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Video + Haiti: Haitian American Academic Named Harvard Dean

Claudine Gay will become the next Edgerley Family Dean of the Faculty of Arts and Sciences (FAS), Harvard President Larry Bacow announced yesterday.

A member of the Harvard faculty since 2006 and the FAS dean of social science since 2015, Gay is the Wilbur A. Cowett Professor of Government and of African and African American Studies and is the founding chair of Harvard’s Inequality in America Initiative. She will assume her new duties on Aug. 15, succeeding Michael D. Smith, who will step down after 11 years in the post.

“Claudine Gay is an eminent political scientist, an admired teacher and mentor, and an experienced leader with a talent for collaboration and a passion for academic excellence,” Bacow said in announcing the appointment. “She is a scholar of uncommon creativity and rigor, with a strong working knowledge of the opportunities and challenges facing the FAS. She radiates a concern for others, and for how what we do here can help improve lives far beyond our walls. I am confident she will lead the FAS with the vitality and the values that characterize universities at their best.”

“It is hard to imagine a more exciting opportunity than to learn from and lead the faculty, staff, and students of the FAS,” Gay said. “I am reminded daily that ours is an extraordinary community — diverse, ambitious, and deeply committed to teaching and research excellence. We are all drawn here, each in our own way, by a passion for learning, a search for deeper understandings, and a will to serve the common good. I look forward to working together to advance our shared mission, one never more important than it is now.”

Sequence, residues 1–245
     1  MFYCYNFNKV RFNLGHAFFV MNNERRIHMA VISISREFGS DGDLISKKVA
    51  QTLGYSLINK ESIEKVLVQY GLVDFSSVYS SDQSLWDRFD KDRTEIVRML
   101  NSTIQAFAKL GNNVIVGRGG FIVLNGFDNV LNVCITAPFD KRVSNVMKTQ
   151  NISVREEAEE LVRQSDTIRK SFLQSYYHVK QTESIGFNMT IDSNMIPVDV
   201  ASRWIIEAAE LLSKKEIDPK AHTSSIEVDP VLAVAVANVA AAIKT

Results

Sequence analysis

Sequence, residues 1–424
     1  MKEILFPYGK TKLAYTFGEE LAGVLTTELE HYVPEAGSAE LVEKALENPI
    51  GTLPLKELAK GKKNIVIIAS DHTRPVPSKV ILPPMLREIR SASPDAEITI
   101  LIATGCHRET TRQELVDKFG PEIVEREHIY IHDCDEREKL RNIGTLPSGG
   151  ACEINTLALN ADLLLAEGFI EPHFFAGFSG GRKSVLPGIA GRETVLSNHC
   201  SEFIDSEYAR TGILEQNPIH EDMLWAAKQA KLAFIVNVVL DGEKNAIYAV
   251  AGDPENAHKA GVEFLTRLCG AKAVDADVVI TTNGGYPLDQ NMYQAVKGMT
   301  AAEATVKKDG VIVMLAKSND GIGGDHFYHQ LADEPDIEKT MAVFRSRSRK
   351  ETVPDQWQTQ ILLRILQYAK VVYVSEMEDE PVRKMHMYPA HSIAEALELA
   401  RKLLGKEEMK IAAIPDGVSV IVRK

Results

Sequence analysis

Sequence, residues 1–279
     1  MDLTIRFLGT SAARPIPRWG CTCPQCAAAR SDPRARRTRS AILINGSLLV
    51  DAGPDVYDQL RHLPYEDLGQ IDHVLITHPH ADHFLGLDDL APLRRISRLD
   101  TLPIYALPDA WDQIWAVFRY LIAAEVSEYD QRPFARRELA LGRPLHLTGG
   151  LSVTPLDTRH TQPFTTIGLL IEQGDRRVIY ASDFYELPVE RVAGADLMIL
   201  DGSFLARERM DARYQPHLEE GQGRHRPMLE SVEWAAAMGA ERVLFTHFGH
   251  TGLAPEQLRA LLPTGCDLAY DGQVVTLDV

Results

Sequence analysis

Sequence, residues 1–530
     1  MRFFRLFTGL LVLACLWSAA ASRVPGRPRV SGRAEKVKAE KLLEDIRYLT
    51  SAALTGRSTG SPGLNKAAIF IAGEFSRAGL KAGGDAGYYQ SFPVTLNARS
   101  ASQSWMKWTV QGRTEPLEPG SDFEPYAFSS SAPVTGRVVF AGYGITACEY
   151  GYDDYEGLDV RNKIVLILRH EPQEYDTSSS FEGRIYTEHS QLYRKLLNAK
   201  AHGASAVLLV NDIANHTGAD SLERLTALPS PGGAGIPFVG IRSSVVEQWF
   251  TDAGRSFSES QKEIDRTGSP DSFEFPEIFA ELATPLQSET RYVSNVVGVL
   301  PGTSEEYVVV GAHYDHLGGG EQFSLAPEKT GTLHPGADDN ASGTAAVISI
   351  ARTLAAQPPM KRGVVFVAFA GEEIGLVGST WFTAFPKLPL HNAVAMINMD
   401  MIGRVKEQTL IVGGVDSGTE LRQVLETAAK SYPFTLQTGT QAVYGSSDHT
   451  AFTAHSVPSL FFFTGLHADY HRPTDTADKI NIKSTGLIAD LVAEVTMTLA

Gay’s research and teaching focus on American political behavior, public opinion, and minority politics, with a particular interest in understanding the political choices of ordinary people and how those choices are shaped by their social, political, and economic environments. Her scholarship has addressed such issues as the relationship of citizens’ trust in government to the racial identity of their elected representatives, the ways neighborhood conditions influence racial and political attitudes, the roots of competition and cooperation between minority groups, and the consequences of housing-mobility programs for political participation among the poor.

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